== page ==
In East Africa regional higher education interactions and cooperation originates from the pre-independence era when Makerere University College was the only higher education institution in the region serving students from Kenya, the then Tanganyika, and Zanzibar in East Africa as well as from the then Rhodesia and Nyasaland in central and southern Africa, which now consist of Malawi, Zambia, and Zimbabwe. Later in 1963, university colleges were formed in Nairobi and Dar es Salaam as constituent colleges of the then University of East Africa that had been established during the era of independence of the four countries (Uganda, Kenya, Zanzibar, and Tanganyika). Makerere College was the third constituent college of the University of East Africa.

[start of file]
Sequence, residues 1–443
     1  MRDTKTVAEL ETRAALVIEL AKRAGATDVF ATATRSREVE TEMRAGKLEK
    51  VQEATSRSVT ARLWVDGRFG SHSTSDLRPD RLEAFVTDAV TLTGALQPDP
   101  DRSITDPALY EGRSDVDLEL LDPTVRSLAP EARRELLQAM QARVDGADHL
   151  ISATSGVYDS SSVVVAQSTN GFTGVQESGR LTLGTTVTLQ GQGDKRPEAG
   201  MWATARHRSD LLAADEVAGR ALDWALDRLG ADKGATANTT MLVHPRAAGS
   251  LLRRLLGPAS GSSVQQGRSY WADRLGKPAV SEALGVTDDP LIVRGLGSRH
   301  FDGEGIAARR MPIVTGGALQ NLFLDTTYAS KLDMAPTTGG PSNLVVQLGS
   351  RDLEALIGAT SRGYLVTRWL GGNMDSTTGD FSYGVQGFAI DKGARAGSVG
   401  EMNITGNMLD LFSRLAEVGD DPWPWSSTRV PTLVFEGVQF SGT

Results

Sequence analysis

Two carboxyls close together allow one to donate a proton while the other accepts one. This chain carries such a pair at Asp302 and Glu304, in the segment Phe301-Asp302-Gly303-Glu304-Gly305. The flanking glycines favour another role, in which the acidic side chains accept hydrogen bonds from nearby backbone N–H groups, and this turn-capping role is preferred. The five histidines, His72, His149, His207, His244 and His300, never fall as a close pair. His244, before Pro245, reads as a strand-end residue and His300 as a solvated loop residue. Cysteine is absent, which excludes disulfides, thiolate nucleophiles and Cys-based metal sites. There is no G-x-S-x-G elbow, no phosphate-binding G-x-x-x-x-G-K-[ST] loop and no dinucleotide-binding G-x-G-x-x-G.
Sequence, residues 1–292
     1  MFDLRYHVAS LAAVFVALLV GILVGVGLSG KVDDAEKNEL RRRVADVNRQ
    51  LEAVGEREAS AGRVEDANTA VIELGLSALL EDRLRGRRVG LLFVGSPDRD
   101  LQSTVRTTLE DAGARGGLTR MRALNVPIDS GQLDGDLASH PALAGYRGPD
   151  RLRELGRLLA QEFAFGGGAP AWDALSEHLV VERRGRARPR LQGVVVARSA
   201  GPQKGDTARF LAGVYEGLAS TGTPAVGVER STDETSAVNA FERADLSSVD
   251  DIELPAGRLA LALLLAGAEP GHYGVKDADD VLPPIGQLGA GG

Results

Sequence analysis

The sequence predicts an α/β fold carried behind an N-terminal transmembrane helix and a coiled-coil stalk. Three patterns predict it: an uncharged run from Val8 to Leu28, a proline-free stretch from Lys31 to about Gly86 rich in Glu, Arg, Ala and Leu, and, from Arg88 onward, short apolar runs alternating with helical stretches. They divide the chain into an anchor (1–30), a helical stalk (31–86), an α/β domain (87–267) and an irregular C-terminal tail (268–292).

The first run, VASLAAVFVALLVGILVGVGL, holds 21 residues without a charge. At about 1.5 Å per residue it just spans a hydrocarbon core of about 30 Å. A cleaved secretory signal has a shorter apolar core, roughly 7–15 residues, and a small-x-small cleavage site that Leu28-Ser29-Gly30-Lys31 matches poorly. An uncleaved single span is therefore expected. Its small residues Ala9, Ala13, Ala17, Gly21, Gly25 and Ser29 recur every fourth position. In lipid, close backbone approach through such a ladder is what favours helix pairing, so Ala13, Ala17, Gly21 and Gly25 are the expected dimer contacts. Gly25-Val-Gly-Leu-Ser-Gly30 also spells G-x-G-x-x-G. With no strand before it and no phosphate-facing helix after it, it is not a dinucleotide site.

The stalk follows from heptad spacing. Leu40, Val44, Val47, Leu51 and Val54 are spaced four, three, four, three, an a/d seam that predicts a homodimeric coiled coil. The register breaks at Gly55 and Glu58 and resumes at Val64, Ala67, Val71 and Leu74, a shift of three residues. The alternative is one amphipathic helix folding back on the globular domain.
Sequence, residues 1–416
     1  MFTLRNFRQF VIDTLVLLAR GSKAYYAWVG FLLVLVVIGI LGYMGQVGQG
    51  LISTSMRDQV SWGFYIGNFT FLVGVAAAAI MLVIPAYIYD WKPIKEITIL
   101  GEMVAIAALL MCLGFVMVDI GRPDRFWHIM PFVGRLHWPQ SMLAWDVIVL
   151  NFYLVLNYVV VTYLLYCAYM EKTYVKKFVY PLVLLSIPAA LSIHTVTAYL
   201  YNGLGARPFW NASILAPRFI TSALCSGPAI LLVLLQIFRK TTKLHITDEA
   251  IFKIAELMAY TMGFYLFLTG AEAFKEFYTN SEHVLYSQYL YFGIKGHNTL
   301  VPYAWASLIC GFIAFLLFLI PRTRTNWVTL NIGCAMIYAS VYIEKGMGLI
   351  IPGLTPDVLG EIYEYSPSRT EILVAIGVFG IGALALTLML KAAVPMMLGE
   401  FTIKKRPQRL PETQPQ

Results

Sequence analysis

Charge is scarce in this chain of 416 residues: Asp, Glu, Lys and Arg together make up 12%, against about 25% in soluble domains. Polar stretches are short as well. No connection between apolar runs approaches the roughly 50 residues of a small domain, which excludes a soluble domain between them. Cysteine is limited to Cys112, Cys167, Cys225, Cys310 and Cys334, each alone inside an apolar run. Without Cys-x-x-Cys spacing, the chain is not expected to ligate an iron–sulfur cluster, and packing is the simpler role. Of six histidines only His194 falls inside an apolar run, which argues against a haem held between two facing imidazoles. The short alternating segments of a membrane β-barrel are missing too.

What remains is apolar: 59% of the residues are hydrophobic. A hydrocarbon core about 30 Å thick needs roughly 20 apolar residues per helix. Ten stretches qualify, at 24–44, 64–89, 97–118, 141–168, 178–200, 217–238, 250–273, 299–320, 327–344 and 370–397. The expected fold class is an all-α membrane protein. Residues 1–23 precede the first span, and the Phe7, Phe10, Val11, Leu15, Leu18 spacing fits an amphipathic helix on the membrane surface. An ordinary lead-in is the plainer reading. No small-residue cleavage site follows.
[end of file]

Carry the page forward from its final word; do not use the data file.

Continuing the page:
In 1970, the University of East Africa was dissolved and the University of Dar es Salaam, Makerere University and the University of Nairobi were established as separate national universities for Tanzania, Uganda, and Kenya respectively. In the same year, due to the need to maintain collaboration between these universities the Inter-University Committee (IUC) was established under the auspices of the first EAC. The role of IUC was to facilitate contact and cooperation among the three universities (University of Dar es Salaam, Makerere University and University of Nairobi). IUC was hosted in Kampala, Uganda. In 1977, the former EAC collapsed and the support that IUC was receiving from the Partner States declined. However, IUC continued to coordinate cooperation between the three universities albeit with resource constraints that severely limited its functions.